For me PERSONALLY, this was never at odds with Pakistan (I maintain I am a democrat, not a nationalist); I used to feel I could accommodate my identity within a wider British-Pakistani identity, but through learning about Jammu & Kashmir and its separate status to India and Pakistan, I am also realising there is no shared fraternity between Pakistanis and AJK-people in the UK; we are being “maligned”, “slurred”, “devalued” on account of our connections to AJK. This is not a mere accident of history, it is completely tied in with the contested nature of Jammu & Kashmir State – there are political actors exploiting the ambiguities that come by way of this conflict.

    Despite the huge contributions of our AJK-based community in the UK – the “Mirpuris” being the largest exemplar, certain elements within the British-Pakistani community have succeeded in tarnishing our reputation as the “bad immigrants”, even as they blame us for their own differentiation with “Mirpuris”. Whenever the Pakistani identity is celebrated in the UK, we are excluded because of our fringe status to Pakistan, despite being the largest “Pakistani” community, on paper officially, in the UK.

    In the UK, the AJK-based community is never celebrated, even when it comes to the wider discourse of British Asians. Pakistanis have become gatekeepers to our community, as they exclude us from their own circles. We are being vilified on account of our RURAL ROOTS to AJK.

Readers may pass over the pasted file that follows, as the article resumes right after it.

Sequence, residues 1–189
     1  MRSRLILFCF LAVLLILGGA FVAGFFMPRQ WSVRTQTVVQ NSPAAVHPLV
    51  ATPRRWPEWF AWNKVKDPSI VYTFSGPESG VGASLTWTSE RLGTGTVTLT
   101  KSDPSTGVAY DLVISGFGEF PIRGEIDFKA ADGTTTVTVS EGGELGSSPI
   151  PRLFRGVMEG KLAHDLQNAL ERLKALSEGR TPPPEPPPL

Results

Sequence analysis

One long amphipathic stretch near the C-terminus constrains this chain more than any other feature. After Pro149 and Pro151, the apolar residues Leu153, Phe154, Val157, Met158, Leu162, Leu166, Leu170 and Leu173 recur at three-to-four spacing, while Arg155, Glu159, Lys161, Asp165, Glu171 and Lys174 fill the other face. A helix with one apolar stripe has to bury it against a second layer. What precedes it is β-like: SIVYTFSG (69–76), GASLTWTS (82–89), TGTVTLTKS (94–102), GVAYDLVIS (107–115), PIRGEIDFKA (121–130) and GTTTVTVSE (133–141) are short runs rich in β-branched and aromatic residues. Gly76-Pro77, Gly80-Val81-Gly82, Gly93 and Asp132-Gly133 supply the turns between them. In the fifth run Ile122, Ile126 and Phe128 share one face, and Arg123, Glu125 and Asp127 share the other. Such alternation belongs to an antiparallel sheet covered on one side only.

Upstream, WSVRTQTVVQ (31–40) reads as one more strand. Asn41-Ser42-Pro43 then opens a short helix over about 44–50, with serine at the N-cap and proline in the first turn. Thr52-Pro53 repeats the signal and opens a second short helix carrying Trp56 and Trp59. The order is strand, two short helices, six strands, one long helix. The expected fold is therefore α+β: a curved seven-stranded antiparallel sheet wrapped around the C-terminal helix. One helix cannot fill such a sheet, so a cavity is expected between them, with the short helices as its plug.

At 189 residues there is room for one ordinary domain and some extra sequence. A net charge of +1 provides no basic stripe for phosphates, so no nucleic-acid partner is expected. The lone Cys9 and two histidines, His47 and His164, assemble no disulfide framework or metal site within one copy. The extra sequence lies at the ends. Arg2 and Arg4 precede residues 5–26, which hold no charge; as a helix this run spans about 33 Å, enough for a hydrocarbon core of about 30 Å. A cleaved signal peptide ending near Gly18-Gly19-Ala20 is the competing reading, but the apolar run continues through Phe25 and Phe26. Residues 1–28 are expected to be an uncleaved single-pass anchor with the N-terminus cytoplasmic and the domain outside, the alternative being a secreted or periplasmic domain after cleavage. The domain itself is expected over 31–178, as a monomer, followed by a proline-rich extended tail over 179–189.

It may be AJK activists are not interested in this particular conversation, possibly because of this platform, or because you want control over your own platforms, or you’ve not come across this platform, all reasonable justifications for not participating in this conversation, but here you have a real opportunity to influence the debate around identity in the UK. You can potentially connect with the diaspora in ways unimaginable before. Also, isn’t it in the interest of people fighting political injustice to make themselves known to an internationally large audience as wide as possible, especially its own diaspora, rather than expecting people to come to their aid?

    Perhaps, you feel you can take on your occupiers by yourselves, fair enough, but then what’s the point of creating alliances outside your own limited circles? And how do you intend to be inclusive, if you’re not aware of the opinions that exist within your community, within the contested territory, and outside?

    Tanveer you said,

    “We still cannot derive consensus on how we should describe ourselves to the outside world. Are we Indian, Pakistani, Kashmiri, JKites, AJKites, Azad Kashmiri, Jamwaal, Pahaari, Mirpuri, Poonchi, Muzaffarabadi or could we even be Pir Panjaali or Chenaabi? How do we refine our thoughts and ensure that we are not an extension of any other entity’s identity, or indeed their problems or aspirations?”

    I put it to you, this is a major hindrance to the struggle of democratic enfranchisement for the people of AJK, as it carries immense consequences for the AJK diaspora particularly in the UK; I shall explain the first point in relation to the idea of external interference.